By PATRICK GOWER
Papakura is looking for a new mayor after David Hawkins officially announced his resignation at a council meeting last night.
His decision comes just a month after telling the Herald that he would definitely see out his term until next October, saying that an early resignation "would be a very underhanded way of doing things."
"Look, every day is a new day," Mr Hawkins said last night.
"Basically, mayoral campaigns have begun already and I do not think it is good for Papakura or the council to have these going on for a year. It is as simple as that."
The people of Papakura will go to polls on November 25 to choose a new mayor at a byelection.
Mr Hawkins said his earlier decision to stand aside at the election in October next year had flushed out a number of candidates and had begun a "destructive" race for the mayoralty in the council. "Quite frankly, one has to ask why some of them are there.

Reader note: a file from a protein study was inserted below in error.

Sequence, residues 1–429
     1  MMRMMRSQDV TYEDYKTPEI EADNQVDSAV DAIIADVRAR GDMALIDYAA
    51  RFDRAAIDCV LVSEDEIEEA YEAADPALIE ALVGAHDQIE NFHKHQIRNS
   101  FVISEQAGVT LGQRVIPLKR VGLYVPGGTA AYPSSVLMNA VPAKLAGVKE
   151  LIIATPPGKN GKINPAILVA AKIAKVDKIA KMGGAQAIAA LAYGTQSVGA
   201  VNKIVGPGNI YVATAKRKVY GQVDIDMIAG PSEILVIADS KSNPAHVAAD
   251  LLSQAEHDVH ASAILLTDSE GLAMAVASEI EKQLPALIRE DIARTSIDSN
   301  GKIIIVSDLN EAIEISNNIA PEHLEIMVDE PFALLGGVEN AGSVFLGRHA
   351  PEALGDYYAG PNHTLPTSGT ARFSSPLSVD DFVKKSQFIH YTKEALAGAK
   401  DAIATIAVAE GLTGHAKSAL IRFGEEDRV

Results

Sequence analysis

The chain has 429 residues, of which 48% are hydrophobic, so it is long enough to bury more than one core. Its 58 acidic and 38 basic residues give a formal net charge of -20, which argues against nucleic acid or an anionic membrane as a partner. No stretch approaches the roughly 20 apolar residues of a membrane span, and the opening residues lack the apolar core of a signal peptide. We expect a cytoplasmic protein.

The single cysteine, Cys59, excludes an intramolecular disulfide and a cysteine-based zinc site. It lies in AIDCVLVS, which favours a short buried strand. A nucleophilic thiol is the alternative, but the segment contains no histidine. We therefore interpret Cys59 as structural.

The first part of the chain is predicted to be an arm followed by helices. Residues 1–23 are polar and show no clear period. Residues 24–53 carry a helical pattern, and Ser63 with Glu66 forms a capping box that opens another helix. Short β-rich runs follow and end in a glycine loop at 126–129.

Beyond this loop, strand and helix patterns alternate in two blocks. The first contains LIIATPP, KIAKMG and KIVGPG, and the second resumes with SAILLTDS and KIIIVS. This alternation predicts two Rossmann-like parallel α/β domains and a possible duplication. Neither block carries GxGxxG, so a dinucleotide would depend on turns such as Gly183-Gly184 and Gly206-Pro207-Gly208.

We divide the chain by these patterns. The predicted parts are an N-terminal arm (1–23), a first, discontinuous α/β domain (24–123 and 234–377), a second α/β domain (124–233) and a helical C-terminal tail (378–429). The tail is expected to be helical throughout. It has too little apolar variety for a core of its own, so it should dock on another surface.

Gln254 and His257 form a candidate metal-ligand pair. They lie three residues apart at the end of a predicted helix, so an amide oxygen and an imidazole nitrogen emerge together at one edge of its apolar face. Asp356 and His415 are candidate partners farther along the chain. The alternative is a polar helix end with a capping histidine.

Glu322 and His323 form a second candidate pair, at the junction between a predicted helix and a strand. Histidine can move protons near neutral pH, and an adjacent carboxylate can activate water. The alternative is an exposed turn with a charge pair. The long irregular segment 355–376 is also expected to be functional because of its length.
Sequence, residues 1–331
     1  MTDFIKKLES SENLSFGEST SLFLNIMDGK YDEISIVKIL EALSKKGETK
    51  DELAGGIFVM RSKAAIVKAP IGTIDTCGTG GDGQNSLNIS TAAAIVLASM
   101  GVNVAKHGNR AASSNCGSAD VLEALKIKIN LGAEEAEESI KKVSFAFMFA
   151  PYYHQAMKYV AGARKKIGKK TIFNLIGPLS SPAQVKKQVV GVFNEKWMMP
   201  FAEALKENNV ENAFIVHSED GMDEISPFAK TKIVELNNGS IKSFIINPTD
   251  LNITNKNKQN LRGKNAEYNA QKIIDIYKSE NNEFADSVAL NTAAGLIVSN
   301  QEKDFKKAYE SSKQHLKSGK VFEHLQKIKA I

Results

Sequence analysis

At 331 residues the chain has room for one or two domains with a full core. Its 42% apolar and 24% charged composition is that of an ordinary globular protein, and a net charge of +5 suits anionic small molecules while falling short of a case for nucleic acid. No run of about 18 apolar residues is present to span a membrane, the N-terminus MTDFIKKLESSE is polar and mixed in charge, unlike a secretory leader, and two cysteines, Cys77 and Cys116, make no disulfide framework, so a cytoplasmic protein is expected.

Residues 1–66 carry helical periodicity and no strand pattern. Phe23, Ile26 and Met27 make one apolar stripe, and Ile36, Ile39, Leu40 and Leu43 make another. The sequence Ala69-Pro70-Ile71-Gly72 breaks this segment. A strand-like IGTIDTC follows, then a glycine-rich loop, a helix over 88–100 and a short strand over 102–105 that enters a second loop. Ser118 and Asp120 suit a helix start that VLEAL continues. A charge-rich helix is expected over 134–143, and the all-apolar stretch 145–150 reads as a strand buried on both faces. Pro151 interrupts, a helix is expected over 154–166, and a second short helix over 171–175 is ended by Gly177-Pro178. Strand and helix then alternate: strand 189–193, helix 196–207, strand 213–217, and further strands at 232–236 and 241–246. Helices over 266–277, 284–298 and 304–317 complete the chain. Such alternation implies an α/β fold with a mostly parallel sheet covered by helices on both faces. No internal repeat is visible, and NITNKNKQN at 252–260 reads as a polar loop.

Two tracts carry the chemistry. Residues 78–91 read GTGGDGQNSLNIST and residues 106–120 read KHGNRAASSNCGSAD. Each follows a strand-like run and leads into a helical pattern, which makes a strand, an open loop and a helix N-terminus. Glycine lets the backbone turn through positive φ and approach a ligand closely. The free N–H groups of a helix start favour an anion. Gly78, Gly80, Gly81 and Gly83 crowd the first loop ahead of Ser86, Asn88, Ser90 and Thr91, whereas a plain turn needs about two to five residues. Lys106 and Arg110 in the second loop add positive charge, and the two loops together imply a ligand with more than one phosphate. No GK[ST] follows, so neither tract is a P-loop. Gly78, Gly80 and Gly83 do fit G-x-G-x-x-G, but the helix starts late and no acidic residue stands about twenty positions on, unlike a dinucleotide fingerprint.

"I cannot think of a single thing they have done for the good of Papakura and that saddens me.
"I think the public have woken up to them and they will be given the message come October."
During his term the council was characterised by acrimony and infighting, massive cost-cutting and corporatisation - most controversially of the water supply.
"I guess I will be out there looking for a job ... But my first priority is getting my golf handicap down."
Last night opposing councillors said that Mr Hawkins' resignation was a setup designed to help the electoral chances of councillor Alan Bell, known as "the mayor's lieutenant" by opposing councillors.
"He set this up to give Alan Bell the best strategic position," said councillor Steve Bayliss.
"He has probably got his advertising hoardings ready to go."
Mr Bell denied the resignation was a setup.
He applauded Mr Hawkins' three terms as mayor.
"He will be remembered as a forward thinker, someone who was prepared to make decisions.
"He was always ready to think outside the local government square, so to speak."
Deputy Mayor Vivienne Pollock and councillors Katrina Piggott, David Wright and Ross Vickery have indicated that they will stand.
Ann Martin, the relative unknown who stood against Mr Hawkins at the last election and slashed his majority by 5500 votes, was also considering standing.